Research has shown that simple things in hospital facility design, like flooring, can have an impact on patient and staff perceptions of their experience in a hospital setting. Examining how appropriate flooring contributes to the safety and welfare of those in a hospital should influence facility managers to use effective design for optimal health strategies.

Designers are using these elements to up their patient and healthcare workers satisfaction ratings, and to support the eradication of complaints, such as the following:

Acoustic Quality: In every hospital, a typical complaint is the lack of adequate sleep while in recovery due to the noises of a busy hospital wing. Antimicrobial-treated carpet and rubber flooring, for example, can absorb sound, and improve overall noise concerns.

Physical and Emotional Well-being: Not only is flooring important for safety, like in the event of a fall, but design elements such as color and durability can support emotional wellbeing of patients. “Non-institutional ambience” with functionality is the goal of many designers.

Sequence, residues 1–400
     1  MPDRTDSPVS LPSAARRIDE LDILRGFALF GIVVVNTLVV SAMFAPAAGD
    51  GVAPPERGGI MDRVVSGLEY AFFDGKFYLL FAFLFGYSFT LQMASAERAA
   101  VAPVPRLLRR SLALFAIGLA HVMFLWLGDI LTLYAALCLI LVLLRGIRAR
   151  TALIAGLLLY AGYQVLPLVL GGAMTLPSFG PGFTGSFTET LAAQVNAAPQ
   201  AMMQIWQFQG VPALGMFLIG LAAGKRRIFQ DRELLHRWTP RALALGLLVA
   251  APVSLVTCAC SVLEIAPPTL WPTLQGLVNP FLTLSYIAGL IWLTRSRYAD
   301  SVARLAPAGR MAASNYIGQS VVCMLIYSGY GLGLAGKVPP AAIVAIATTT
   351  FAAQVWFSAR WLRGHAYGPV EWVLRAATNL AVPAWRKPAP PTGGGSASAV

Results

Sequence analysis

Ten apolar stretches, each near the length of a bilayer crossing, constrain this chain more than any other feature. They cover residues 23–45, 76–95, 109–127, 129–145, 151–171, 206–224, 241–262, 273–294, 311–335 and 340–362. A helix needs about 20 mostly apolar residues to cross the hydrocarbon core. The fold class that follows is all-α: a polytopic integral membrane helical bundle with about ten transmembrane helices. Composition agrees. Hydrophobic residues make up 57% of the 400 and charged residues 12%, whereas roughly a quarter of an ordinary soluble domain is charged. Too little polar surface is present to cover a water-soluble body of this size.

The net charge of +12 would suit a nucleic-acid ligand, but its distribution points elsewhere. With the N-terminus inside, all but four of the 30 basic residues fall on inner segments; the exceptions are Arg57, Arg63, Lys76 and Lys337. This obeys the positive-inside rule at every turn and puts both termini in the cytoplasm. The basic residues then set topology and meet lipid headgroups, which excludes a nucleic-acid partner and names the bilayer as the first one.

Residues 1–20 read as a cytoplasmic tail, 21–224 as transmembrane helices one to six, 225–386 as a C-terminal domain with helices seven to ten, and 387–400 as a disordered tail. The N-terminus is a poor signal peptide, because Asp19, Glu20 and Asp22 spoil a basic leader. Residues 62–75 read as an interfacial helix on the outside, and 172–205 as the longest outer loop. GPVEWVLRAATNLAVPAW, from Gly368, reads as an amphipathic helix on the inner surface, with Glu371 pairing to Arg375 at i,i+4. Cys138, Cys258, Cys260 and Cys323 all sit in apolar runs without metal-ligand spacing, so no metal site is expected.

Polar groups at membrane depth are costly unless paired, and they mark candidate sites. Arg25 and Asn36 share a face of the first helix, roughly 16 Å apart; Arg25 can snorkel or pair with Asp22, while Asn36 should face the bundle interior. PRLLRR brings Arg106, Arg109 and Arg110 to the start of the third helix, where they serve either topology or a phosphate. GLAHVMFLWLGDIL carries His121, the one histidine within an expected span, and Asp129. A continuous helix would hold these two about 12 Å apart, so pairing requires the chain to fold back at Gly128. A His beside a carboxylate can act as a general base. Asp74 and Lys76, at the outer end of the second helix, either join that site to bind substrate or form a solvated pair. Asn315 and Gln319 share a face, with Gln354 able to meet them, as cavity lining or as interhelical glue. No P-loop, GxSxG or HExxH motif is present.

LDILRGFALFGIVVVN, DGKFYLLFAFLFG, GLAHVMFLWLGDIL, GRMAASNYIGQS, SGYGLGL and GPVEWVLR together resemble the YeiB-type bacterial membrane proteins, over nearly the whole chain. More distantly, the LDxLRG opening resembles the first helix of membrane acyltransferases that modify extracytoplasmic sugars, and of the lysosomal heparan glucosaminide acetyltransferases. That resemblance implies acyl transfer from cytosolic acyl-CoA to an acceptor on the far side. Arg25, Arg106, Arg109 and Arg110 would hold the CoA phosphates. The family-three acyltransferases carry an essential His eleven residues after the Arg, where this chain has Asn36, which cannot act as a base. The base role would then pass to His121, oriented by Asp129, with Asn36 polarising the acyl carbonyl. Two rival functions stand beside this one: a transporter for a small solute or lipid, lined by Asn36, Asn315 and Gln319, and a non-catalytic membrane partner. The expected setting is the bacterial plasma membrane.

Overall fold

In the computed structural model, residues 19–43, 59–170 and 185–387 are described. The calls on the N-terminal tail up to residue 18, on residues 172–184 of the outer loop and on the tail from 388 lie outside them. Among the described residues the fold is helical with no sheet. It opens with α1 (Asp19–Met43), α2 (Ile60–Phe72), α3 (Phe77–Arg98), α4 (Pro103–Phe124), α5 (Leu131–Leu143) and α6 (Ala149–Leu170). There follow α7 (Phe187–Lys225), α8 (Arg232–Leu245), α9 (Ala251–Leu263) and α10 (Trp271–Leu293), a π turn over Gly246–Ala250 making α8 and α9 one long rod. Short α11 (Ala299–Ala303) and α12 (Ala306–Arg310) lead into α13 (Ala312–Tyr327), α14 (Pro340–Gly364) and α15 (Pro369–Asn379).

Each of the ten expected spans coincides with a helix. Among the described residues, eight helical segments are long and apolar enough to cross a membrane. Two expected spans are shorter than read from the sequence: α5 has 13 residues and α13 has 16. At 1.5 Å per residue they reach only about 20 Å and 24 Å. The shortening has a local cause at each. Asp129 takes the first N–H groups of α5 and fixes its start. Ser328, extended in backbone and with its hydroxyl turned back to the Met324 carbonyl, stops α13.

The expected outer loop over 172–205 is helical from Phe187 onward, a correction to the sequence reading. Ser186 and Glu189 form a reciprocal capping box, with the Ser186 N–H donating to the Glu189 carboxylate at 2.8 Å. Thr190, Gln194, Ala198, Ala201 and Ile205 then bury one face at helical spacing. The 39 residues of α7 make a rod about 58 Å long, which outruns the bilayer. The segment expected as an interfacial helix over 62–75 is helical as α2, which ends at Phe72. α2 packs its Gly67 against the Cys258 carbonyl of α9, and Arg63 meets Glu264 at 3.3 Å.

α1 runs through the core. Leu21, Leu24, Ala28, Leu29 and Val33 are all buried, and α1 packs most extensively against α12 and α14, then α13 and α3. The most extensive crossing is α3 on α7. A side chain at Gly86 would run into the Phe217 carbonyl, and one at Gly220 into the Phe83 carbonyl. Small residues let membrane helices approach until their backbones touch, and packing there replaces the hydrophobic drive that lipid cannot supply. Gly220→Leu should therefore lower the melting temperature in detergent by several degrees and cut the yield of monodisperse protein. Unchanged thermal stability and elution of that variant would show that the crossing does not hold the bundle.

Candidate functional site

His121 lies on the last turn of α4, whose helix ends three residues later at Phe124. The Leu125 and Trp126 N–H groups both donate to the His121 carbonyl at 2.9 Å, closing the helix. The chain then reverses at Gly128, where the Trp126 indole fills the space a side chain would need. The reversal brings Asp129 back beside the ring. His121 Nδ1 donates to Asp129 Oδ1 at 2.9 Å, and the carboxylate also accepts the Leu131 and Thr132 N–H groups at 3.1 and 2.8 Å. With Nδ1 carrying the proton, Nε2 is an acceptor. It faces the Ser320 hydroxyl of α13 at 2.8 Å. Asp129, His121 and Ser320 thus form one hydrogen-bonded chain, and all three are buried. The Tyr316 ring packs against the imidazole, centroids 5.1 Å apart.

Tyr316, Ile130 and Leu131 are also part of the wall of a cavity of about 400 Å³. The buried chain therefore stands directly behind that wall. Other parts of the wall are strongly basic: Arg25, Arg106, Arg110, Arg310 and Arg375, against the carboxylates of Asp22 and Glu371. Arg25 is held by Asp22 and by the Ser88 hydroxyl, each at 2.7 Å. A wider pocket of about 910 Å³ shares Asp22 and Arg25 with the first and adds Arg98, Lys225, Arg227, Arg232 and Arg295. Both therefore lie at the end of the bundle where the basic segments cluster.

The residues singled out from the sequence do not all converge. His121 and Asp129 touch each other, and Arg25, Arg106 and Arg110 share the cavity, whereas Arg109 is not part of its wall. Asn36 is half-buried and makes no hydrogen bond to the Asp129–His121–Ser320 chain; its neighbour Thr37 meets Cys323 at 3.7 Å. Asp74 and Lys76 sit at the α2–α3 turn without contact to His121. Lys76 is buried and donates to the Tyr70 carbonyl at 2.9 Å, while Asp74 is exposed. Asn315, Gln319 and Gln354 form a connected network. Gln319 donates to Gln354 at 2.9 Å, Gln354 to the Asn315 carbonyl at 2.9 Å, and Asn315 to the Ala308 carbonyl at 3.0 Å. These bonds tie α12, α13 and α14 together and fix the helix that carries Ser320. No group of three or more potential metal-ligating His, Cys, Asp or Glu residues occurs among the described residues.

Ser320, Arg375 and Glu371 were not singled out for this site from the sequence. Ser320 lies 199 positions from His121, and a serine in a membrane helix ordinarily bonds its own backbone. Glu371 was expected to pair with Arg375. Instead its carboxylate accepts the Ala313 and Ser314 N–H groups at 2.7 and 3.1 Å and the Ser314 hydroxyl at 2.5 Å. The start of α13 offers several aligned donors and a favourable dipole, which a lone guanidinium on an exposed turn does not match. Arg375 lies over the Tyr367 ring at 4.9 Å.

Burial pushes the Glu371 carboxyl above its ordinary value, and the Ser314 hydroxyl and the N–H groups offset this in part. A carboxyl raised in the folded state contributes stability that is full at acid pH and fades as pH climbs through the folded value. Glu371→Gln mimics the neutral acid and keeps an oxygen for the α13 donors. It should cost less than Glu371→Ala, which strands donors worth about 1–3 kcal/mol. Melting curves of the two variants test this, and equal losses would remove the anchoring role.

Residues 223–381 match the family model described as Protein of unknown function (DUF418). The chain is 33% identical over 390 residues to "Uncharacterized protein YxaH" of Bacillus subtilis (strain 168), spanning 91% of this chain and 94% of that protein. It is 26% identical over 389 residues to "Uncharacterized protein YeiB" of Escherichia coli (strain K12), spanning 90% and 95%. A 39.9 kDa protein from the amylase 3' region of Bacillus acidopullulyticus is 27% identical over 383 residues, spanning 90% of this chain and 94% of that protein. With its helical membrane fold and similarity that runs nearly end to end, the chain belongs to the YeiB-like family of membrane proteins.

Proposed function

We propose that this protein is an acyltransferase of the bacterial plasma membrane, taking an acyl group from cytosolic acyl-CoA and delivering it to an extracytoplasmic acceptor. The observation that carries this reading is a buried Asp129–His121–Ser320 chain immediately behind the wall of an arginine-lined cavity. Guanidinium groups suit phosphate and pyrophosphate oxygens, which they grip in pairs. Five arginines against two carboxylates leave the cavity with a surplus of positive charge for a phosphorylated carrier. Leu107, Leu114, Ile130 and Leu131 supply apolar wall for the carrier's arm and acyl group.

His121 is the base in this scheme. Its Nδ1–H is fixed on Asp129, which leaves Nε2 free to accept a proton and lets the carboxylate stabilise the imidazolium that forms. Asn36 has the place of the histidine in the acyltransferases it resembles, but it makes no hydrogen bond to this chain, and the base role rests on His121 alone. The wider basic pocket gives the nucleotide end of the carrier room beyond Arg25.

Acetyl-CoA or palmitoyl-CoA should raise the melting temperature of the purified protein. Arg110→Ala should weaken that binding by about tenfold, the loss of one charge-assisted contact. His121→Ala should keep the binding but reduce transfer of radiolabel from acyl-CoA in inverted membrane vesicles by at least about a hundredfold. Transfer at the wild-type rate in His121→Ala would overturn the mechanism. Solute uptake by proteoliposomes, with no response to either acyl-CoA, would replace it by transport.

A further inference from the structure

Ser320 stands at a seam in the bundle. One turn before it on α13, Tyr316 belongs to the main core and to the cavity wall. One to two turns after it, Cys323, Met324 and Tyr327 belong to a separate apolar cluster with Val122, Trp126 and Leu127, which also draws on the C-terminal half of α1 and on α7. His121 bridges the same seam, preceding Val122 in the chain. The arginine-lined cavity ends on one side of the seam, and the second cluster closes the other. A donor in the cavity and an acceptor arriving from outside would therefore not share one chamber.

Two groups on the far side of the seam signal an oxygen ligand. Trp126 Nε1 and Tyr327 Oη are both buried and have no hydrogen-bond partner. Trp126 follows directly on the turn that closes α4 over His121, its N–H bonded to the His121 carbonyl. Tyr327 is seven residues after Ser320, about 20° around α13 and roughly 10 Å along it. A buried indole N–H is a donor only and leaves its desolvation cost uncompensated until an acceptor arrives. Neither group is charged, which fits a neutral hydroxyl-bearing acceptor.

Infection Resistant: Weighing durability with infection control and sustainability is just as important when specifying flooring options. Floor coverings with joints might not be the best option in a surgical setting since germs can settle in the creases.

By incorporating these factors into design choices, facility managers can design a functional, aesthetically pleasing hospital. To read the full article on Health Facility Flooring Specs from FacilitiesNet , click here.